Nov 19, 2004

Kodak gains on Sony in U.S. digital camera market

Newsday.com - AP Regional: "Kodak gains on Sony in U.S. digital camera market

By BEN DOBBIN
AP Business Writer

November 19, 2004, 4:33 PM EST

ROCHESTER, N.Y. -- Eastman Kodak Co. is nipping at Sony Corp.'s heels in the ballooning U.S. digital camera market.

The world's biggest film manufacturer, aiming to become the No. 1 seller of point-and-shoot digital cameras on its home turf in 2004, almost drew level with Japanese front-runner Sony in third-quarter U.S. camera shipments, market research firm IDC said Friday.

Sony delivered 1 million consumer digital cameras in the third quarter, only 10,000 more than Kodak, IDC said. Canon Inc. ranked third with 800,000 shipments, followed by Olympus Corp. with 585,000. Other major camera makers include Fuji Photo Film Co., Hewlett-Packard Co. and Nikon Corp.

IDC, based in Framingham, Mass., estimates that 24 million digital cameras will be sold in the United States this year, up from nearly 17 million in 2003, and sales could jump to $8 billion from $5.7 billion.

While profits are harder to measure, "the more cameras you get out there, the more likely" a company can generate sales of printers, paper, ink and other high-margin accessories, said IDC analyst Christopher Chute.

Kodak's digital camera business "crossed the line into profitability" late last year and expects to stay on the "positive side of that line going forward," said Greg Westbrook, general manager of Kodak's digital-capture business.

"We had a really strong third quarter," Westbrook said. "We'll continue to pursue that top spot in the U.S. during this year.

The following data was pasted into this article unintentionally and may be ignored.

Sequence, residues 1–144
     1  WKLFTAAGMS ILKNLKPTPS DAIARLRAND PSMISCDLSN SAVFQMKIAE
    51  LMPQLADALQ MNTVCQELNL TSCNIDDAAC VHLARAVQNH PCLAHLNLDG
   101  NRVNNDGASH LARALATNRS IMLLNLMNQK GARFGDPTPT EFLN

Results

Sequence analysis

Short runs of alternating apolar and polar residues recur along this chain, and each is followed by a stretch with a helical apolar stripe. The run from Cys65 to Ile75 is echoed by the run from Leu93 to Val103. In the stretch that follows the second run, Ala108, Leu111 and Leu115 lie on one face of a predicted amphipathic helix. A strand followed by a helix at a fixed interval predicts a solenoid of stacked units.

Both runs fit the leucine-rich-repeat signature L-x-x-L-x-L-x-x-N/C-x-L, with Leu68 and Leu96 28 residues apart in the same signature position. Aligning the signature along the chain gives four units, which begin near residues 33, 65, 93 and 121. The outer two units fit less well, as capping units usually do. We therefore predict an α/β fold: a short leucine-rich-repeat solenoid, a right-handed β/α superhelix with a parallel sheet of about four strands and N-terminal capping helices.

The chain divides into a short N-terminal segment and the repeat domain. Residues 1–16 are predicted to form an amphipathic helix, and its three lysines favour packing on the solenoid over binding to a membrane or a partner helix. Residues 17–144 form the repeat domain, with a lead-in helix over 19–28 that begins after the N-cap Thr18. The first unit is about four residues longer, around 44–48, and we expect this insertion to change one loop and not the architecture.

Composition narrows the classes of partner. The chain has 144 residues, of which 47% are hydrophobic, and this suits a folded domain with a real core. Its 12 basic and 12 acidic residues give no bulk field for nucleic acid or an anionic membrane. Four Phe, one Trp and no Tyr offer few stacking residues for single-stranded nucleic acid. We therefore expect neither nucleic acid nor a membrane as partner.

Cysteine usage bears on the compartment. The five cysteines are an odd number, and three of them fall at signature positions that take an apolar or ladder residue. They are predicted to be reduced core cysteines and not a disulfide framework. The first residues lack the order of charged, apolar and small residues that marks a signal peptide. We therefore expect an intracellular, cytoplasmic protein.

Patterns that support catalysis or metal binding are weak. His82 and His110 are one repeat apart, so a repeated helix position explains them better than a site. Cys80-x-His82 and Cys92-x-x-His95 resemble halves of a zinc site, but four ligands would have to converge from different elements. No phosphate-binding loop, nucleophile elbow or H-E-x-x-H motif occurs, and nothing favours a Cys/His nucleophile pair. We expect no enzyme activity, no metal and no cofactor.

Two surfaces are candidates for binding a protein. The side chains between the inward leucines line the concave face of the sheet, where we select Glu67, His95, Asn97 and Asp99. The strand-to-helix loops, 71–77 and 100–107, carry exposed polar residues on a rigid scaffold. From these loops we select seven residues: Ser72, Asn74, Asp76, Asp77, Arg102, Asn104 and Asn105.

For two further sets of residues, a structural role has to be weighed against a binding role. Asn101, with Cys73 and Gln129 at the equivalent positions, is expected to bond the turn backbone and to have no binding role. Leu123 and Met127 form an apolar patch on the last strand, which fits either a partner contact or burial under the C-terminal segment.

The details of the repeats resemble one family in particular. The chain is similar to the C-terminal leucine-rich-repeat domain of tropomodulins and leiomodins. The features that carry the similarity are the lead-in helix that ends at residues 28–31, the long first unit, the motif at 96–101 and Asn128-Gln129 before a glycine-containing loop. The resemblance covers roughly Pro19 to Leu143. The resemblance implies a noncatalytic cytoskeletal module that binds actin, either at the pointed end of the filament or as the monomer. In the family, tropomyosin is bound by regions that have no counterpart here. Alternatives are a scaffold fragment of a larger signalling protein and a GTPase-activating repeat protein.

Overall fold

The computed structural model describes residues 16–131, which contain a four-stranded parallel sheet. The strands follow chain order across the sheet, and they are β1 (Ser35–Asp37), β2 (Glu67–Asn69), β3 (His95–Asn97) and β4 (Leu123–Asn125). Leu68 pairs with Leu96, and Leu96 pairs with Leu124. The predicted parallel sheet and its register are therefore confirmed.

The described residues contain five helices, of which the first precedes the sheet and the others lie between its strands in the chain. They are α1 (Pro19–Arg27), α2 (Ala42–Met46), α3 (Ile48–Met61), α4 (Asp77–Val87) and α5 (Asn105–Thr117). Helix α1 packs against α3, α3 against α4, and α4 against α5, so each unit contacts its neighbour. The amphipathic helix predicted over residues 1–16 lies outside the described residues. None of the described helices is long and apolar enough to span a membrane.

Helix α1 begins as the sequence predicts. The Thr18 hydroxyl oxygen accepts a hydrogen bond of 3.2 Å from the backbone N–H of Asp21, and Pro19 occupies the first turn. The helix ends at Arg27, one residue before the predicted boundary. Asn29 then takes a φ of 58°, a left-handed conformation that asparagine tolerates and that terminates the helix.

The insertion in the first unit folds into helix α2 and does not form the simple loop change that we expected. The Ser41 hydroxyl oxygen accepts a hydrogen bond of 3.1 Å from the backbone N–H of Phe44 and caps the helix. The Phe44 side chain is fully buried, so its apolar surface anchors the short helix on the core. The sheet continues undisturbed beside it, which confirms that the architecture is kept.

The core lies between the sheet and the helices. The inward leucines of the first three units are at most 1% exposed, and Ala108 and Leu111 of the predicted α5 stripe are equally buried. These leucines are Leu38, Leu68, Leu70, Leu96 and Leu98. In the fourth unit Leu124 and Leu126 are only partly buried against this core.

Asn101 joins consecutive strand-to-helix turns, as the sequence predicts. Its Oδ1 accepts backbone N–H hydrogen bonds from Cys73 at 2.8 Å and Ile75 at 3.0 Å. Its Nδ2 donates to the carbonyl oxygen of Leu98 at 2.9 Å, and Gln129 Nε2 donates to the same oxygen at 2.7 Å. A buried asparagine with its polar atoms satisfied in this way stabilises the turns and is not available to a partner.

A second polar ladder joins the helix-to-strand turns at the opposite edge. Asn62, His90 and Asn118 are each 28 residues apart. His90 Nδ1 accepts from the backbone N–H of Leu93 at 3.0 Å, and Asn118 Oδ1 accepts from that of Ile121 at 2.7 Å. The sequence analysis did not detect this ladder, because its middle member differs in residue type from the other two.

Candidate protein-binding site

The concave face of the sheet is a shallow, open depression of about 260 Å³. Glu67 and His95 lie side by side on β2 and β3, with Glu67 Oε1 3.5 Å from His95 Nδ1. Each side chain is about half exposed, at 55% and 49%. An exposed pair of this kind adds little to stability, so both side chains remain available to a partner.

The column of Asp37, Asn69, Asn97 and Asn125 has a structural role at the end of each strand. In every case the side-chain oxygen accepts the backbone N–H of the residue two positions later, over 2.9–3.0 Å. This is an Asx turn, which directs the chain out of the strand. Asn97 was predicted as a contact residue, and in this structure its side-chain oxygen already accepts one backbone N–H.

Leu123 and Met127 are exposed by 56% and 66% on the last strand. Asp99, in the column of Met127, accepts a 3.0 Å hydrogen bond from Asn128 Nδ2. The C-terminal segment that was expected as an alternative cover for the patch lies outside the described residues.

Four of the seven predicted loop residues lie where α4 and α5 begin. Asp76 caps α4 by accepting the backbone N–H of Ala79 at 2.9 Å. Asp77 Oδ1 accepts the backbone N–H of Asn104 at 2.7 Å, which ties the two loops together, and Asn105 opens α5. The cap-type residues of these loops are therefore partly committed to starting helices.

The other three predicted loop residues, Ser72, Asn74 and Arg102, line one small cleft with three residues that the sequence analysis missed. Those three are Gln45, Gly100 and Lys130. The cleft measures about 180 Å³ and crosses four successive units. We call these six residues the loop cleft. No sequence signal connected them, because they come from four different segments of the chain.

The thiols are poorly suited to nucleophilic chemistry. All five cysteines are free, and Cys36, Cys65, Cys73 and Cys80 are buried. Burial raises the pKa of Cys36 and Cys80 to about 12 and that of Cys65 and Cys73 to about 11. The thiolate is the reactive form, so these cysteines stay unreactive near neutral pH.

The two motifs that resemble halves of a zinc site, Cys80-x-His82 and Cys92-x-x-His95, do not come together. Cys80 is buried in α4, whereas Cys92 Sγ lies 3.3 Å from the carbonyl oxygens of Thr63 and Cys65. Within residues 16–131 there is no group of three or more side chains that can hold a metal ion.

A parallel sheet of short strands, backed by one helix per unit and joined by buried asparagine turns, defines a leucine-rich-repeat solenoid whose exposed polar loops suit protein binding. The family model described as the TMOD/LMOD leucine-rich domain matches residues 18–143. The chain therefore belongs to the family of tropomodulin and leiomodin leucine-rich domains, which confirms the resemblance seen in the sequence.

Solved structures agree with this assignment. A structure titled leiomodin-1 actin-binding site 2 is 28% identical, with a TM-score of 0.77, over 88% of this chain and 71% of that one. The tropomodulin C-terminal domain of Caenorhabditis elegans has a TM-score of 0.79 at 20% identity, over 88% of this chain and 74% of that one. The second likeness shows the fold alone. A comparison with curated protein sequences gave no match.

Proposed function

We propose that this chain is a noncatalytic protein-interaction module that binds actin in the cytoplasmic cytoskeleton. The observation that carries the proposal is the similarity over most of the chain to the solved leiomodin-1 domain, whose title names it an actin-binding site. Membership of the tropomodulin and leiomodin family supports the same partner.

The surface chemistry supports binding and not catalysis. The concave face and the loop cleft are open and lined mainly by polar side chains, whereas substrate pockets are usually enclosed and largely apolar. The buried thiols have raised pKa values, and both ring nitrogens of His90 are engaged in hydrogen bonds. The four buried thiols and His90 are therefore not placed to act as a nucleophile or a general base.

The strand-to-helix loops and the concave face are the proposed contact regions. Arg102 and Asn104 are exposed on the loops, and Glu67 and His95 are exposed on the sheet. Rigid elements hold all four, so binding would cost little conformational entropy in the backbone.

About 5 million consumer digital cameras were churned out from July to September, up from 3.6 million in last year's third quarter. Yet the fourth quarter will be far busier: More than 10 million cameras will be sent to stores to take advantage of the end-of-year holiday season.

In the first nine months of the year, Sony's slice of the U.S. market slipped to 21 percent on shipments of 2.7 million consumer digital cameras while Kodak's share jumped to 19 percent on 2.5 million shipments, IDC said. Canon trailed with 15 percent and Olympus with 12 percent.

In 2003, Sony ranked first in shipments with a 21.7 percent market share, down from 24 percent in 2002, IDC said. Kodak moved into second place with a 17.9 percent share, up from 13 percent in 2002.

Worldwide, IDC expects 69 million digital cameras will be sold this year, up from 48.9 million in 2003. Global sales could reach $16.5 billion, it said.

Digital cameras began outselling traditional film cameras in the United States last year, but many Americans still haven't made the switch. The Photo Marketing Association, based in Jackson, Mich., estimates that 10.6 million film cameras will be sold domestically this year.

Kodak invented the world's first digital camera prototype in 1976 but appeared to have been caught off-guard by the speed with which shutterbugs took to digital photography, analysts say. Kodak insists it didn't want to leap in until a mass market was clearly developing.

Its EasyShare digital camera line, priced between $99 and $499, was launched in 2001.

As its makes the tough transition from analog to digital photography, Kodak is slashing its payroll. In January, when it employed nearly 64,000 people, Kodak announced plans to cut 12,000 to 15,000 jobs by 2007.

Kodak shares closed down 97 cents, to $31.67 on the New York Stock Exchange Friday, a day when the stock market was rattled by Federal Reserve Chairman Alan Greenspan's warning over the nation's spiraling trade deficit.

Sony Corp shares ended off 14 cents, at $36.14. "
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